Irradiation impairs mitochondrial function and skeletal muscle oxidative capacity: significance for metabolic complications in cancer survivors.

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Journal Article
Metabolism, 2020, 103, pp. 154025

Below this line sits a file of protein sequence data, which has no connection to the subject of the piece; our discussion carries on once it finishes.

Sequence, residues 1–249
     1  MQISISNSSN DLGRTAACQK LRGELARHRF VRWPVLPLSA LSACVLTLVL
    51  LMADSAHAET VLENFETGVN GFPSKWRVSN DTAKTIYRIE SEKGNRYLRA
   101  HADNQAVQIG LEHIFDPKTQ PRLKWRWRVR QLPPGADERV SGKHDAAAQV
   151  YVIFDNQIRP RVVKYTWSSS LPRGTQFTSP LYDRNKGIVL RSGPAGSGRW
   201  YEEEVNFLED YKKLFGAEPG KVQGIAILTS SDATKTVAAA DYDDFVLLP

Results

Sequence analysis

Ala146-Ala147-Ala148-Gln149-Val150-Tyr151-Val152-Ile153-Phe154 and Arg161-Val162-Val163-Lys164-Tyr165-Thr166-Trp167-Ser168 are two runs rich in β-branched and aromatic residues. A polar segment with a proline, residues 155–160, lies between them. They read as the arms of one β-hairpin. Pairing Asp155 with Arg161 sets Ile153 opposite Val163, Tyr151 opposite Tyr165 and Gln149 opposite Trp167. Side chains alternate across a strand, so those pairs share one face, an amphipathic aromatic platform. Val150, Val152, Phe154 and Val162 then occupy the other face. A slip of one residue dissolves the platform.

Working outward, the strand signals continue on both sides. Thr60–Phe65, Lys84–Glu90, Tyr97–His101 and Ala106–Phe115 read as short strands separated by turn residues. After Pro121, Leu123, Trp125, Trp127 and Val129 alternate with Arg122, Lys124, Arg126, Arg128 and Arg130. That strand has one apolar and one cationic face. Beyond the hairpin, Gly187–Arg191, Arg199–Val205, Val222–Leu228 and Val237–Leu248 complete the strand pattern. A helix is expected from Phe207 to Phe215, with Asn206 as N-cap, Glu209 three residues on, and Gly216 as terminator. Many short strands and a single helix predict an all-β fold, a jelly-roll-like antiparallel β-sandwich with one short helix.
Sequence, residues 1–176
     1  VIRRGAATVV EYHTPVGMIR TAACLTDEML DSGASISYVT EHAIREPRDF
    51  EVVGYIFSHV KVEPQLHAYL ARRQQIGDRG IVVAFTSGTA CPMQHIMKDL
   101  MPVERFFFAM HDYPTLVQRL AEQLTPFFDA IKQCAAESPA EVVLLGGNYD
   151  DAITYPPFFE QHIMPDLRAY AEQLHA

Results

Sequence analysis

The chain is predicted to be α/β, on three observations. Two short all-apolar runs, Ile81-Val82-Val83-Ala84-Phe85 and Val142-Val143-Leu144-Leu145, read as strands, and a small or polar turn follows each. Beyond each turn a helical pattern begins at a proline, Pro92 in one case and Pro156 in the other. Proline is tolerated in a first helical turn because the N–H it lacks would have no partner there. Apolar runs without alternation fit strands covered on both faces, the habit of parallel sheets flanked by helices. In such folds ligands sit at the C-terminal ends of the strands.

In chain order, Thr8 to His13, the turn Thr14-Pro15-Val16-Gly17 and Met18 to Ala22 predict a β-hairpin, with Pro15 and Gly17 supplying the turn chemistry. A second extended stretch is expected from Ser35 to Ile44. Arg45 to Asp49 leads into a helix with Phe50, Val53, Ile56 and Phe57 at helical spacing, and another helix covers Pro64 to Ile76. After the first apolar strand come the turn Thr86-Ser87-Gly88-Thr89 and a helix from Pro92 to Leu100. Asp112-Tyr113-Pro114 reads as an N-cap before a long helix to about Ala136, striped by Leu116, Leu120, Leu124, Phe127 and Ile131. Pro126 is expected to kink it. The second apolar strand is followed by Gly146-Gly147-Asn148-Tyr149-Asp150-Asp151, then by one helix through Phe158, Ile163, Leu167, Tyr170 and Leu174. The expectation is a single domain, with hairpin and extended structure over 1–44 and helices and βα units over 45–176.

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BACKGROUND: Metabolic complications are highly prevalent in cancer survivors treated with irradiation but the underlying mechanisms remain unknown. METHODS: Chow or high fat-fed C57Bl/6J mice were irradiated (6Gy) before investigating the impact on whole-body or skeletal muscle metabolism and profiling their lipidomic signature. Using a transgenic mouse model (Tg:Pax7-nGFP), we isolated muscle progenitor cells (satellite cells) and characterised their metabolic functions. We recruited childhood cancer survivors, grouped them based on the use of total body irradiation during their treatment and established their lipidomic profile. RESULTS: In mice, irradiation delayed body weight gain and impaired fat pads and muscle weights. These changes were associated with impaired whole-body fat oxidation in chow-fed mice and altered ex vivo skeletal muscle fatty acid oxidation, potentially due to a reduction in oxidative fibres and reduced mitochondrial enzyme activity. Irradiation led to fasting hyperglycaemia and impaired glucose uptake in isolated skeletal muscles. Cultured satellite cells from irradiated mice showed decreased fatty acid oxidation and reduced glucose uptake, recapitulating the host metabolic phenotype. Irradiation resulted in a remodelling of lipid species in skeletal muscles, with the extensor digitorum longus muscle being particularly affected. A large number of lipid species were reduced, with several of these species showing a positive correlation with mitochondrial enzymes activity. In cancer survivors exposed to irradiation, we found a similar decrease in systemic levels of most lipid species, and lipid species that increased were positively correlated with insulin resistance (HOMA-IR). CONCLUSION: Irradiation leads to long-term alterations in body composition, and lipid and carbohydrate metabolism in skeletal muscle, and affects muscle progenitor cells. Such changes result in persistent impairment of metabolic functions, providing a new mechanism for the increased prevalence of metabolic diseases reported in irradiated individuals. In this context, changes in the lipidomic signature in response to irradiation could be of diagnostic value.
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